On the heels of last week’s sugary-sweet trip to Wild Woods, things turned sour.
Avery Brewing Company once again hosted the Boulder SourFest, a massive, packed and tart five-hour celebration of the nation’s sourest brews. Tickets to the charity event sold out in less than a minute, and fans predictably clamored for more — two days, three, a ticket lottery, sours in bottles for sale, anything.
So Avery’s national marketing director Darin McGregor sounds — and admits he is — just a little defensive about the event.
“Why don’t you just do another day? Because we can’t,” McGregor tells me after the event. “One of the reasons is with these beers, not only are they really hard to brew and they take forever, but coming up with the proper blend for a beer like Eremita V can take up to three months of multiple, multiple sessions.”
The range within sour beers is staggering, even though many are based on the same source beers: saisons, reds, strong ales, the occasional brown. But what breweries do to the base beer — what they age it in, what they age it with and for how long — opens the style up to millions of possibilities. It’s how you wind up with sour beer descriptions 10 times the length of any other beer, typically naming cask type, duration, any fruits or flowers tossed into the mix and yeast strains and bacteria more familiar to chemists than weekend drinkers.
Standouts from the sour fest were too many to mention. Colorado beers dominated the day, from the highly sought-after bottles from Crooked Stave to Colorado’s biggest craft brewery, New Belgium, which might have had the strangest beer of the bunch with its Oscar-Worthy Coffee, the brewery’s dark sour blended with cold-pressed coffee. Multiple people cited it to me as a favorite. I might not have cited it back, but that’s OK. Host Avery just might have had the strongest group top-to-bottom, with an unexpected star in its homebrew club’s submission.
But of all times, faced with so much variety, it might be time to address the elephant in the room. Or at least a small, experimental arm of one of them.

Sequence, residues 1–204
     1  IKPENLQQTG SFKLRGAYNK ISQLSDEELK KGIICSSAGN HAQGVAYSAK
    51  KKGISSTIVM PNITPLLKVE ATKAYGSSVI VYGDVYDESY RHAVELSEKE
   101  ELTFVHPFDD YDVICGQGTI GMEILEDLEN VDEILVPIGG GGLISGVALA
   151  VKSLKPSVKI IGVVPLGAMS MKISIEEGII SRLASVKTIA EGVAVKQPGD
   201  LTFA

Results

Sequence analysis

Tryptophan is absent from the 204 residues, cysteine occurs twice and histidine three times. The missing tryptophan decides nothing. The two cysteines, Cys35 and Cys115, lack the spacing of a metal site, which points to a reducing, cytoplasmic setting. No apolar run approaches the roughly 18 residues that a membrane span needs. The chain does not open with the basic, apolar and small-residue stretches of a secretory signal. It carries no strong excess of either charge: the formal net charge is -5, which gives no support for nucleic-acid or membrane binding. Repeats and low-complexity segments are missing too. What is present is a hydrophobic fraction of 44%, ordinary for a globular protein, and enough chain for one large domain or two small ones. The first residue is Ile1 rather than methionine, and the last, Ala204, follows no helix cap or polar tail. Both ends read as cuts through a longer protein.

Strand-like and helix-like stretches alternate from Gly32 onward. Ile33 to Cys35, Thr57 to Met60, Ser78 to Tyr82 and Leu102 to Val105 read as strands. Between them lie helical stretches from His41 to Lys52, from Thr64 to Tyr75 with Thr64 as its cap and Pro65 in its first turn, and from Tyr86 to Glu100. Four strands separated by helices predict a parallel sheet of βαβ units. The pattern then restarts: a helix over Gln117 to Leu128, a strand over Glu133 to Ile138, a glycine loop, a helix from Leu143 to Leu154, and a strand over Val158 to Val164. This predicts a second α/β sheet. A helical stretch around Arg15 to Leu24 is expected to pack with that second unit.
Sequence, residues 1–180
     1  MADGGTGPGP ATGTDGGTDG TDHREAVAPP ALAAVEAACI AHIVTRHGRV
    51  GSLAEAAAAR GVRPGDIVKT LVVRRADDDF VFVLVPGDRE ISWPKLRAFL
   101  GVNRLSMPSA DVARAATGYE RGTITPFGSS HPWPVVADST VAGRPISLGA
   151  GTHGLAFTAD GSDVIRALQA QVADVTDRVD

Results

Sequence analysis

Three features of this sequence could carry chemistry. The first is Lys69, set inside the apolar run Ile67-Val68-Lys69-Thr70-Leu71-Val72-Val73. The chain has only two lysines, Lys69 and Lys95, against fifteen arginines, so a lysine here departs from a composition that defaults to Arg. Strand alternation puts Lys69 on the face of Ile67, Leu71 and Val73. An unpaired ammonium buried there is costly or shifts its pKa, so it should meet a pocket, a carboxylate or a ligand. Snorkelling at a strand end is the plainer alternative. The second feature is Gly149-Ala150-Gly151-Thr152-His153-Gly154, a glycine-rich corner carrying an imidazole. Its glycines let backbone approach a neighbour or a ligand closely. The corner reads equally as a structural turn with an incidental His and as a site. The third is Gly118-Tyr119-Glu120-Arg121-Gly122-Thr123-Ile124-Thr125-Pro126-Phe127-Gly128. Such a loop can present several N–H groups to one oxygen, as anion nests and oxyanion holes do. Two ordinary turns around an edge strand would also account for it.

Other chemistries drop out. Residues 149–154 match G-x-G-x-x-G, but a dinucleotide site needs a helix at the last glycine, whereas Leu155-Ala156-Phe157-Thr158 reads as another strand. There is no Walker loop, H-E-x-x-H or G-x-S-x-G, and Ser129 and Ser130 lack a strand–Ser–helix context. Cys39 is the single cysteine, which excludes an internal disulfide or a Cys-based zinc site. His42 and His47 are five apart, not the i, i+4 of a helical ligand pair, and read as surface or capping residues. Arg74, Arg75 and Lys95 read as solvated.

I’m talking about the big, mass-market beer companies: MillerCoors (a joint venture of SABMiller and Molson Coors, so that’s Miller, Coors, Molson, Blue Moon, Killian’s, Keystone, Milwaukee’s Best, Leinenkugel and Pilsner Urquell, among 140 others) and Anheuser-Busch InBev (that’s Busch, Budweiser, Corona, Labatt, Stella, Beck’s, Natural Ice, Michelob, Shock Top and Goose Island, among 200 others). No, I never thought the multinational beer companies — since the goal of many of these brands is apparently to erase taste from beer, let’s not call them brewers — would appear in this column.
But. Let’s zoom in on that one arm of one of them: AC Golden, housed in the Golden Coors facility at the foot of South Table Mountain.
Call it, as the Brewers Association did, “crafty” because it’s an attempt by the big boys to sneak into the craft beer market. But AC Golden was on hand with a few sours. And they were really, really good, balanced and delicious. You won’t catch me stocking up on Bud Light, or even Colorado Native, but a 750-milliliter bottle of Peche once in a while is now on my shopping list.
Those curious about sours — which, judging by ticket sales, is everyone — can learn more at an Avery event June 24 that will explain how the brewery blends sours, including allowing participants to blend their own sour with a measuring cup and a range of eight barrel-aged sours to mix. Tickets are on sale for $60 at Avery’s tap room.